The largest cryptocurrency exchange has sacked nearly one-fifth of its staff via a brutal email from the CEO, in the latest grim sign for the market.
Coinbase has announced it will sack 18 per cent of its staff, warning of a looming recession and “crypto winter” as the market continues a major crash that’s wiped trillions of dollars off the value of bitcoin and other digital currencies.
The largest US-based exchange blamed overly rapid expansion and tight economic conditions for the need to cut around 1100 positions, with co-founder and chief executive Brian Armstrong announcing the “difficult decision” in an email to staff on Tuesday.
“We appear to be entering a recession after a 10+ year economic boom,” he wrote.
“A recession could lead to another crypto winter, and could last for an extended period. In past crypto winters, trading revenue (our largest revenue source) has declined significantly. While it’s hard to predict the economy or the markets, we always plan for the worst so we can operate the business through any environment.”
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It came as bitcoin fell below $US21,000 ($A30,445) – nearing levels last seen in December 2020 and nearly 70 per cent down from its all-time high in November 2021 of $US67,802 ($A98,299) – while the broader cryptocurrency market fell below $US1 trillion ($A1.45 trillion), down from $US3 trillion ($A4.35 trillion) at its peak, according to Coinmarketcap.
Crypto prices have been falling since November but the correction turned into a rout last month with the collapse of the terra “stablecoin”, which was supposed to be pegged to the US dollar, and its sister token luna.
The selling panic resumed again this week when one of the largest crypto lending platforms, UK-based Celsius Network, told users on Sunday night it was suspending all withdrawals, swaps and transfers between accounts due to “extreme market conditions”.
As the price of bitcoin crashed, Binance, the world’s largest crypto exchange by trading volume, added fuel to the fire on Monday when it announced a temporary freeze on withdrawals “due to a struck transaction”.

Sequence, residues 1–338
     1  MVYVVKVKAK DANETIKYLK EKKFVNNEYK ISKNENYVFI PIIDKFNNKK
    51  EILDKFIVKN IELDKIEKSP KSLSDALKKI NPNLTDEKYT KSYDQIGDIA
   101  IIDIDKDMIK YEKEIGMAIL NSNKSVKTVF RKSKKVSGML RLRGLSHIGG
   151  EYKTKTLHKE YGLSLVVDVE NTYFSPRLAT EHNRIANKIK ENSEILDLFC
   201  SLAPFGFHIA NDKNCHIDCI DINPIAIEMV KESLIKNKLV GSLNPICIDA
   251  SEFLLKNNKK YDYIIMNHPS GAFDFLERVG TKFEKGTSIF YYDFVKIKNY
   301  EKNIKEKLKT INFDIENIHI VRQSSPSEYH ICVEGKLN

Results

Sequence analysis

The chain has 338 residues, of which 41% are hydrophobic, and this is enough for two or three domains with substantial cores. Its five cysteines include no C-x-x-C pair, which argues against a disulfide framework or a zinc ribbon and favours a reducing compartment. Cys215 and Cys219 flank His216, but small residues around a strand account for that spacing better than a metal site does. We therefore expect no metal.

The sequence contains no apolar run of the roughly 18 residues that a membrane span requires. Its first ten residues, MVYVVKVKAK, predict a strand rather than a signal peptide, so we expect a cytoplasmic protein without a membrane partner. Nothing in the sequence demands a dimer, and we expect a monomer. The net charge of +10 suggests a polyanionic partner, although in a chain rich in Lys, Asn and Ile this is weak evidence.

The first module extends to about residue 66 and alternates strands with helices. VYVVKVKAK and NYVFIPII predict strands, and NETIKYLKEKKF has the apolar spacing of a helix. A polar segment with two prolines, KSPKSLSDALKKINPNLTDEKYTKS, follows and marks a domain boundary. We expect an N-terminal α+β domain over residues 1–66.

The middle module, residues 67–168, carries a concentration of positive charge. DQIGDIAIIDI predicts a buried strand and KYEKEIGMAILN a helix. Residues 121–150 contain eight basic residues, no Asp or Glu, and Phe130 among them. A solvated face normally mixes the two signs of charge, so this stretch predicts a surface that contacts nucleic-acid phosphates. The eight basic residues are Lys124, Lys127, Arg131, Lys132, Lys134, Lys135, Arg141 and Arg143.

The brutal sell-off in the cryptocurrency market comes as central banks begin aggressively raising interest rates to combat skyrocketing inflation, causing investors to pull out of riskier assets and sending stock markets tumbling.
Coinbase had already warned in mid-May that its number of active users was falling. The group posted a net loss of $US430 million ($A623 million) in the first quarter of 2022.
Mr Armstrong told staff “managing our costs is critical in down markets” and noted the company had “survived through four major crypto winters”, but conceded this time “we grew too quickly”.
Coinbase went from 1250 employees at the start of 2021 to about 6200 currently.
“At the time, we were in the early innings of the bull run and adoption of crypto products was exploding,” he said.
“There were new use cases enabled by crypto getting traction practically every week. We saw the opportunities but we needed to massively scale our team to be positioned to compete in a broad array of bets. While we tried our best to get this just right, in this case it is now clear to me that we over-hired.”
Mr Armstrong said every employee would receive an email from HR “in the next hour” informing them whether they were being let go.
“If you are affected, you will receive this notification in your personal email, because we made the decision to cut access to Coinbase systems for affected employees,” he wrote.
“I realise that removal of access will feel sudden and unexpected, and this is not the experience I wanted for you. Given the number of employees who have access to sensitive customer information, it was unfortunately the only practical choice, to ensure not even a single person made a rash decision that harmed the business or themselves.”
He added that affected employees will receive a minimum of 14 weeks severance plus two weeks for every year of employment.
They will also receive four months of health insurance cover in the US and four months of mental health support globally.
Ironically, the mass sackings come days after Mr Armstrong publicly urged his own employees to quit after they circulated a petition calling for senior executives to be removed to “revive” Coinbase.
Among the employees’ complaints were “aggressively hiring for thousands of roles, despite the fact that it is an unsustainable plan and is contrary to the wisdom of the crypto industry”.
“This is really dumb on multiple levels,” Mr Armstrong wrote on Twitter in response to the petition. “If you have no confidence in the execs or CEO of a company then why are you working at that company? Quit and find a company to work at that you believe in!”
In announcing the lay-offs, Coinbase did not change its forecasts for the year but warned that its results would probably be at the bottom of the range of predictions.
The NASDAQ-listed company, currently valued at $US11.45 billion ($A16.6 billion), has seen its share price plunge by 80 per cent since its debut in April last year at $US250 ($A362).
Coinbase shares fell less than 1 per cent to close at $US51.58 ($A74.78) on Tuesday.
– with AFP